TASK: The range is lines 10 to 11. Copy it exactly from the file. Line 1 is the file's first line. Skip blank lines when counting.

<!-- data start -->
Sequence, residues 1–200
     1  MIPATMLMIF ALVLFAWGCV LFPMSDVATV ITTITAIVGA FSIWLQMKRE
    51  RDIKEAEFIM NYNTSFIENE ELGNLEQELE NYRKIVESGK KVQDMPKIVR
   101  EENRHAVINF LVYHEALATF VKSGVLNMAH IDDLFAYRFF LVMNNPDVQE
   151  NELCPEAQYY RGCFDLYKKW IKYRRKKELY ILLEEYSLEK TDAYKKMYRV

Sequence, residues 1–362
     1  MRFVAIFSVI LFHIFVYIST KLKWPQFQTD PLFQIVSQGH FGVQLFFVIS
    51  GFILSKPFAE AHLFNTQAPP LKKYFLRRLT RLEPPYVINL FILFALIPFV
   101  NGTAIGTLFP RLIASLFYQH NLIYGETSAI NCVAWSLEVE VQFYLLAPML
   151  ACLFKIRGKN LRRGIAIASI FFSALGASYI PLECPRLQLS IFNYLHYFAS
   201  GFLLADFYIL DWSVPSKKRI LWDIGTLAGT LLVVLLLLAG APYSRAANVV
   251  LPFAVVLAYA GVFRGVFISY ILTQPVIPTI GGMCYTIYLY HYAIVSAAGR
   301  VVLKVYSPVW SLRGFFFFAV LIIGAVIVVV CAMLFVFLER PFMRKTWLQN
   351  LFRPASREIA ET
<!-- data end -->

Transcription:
   151  ACLFKIRGKN LRRGIAIASI FFSALGASYI PLECPRLQLS IFNYLHYFAS
   201  GFLLADFYIL DWSVPSKKRI LWDIGTLAGT LLVVLLLLAG APYSRAANVV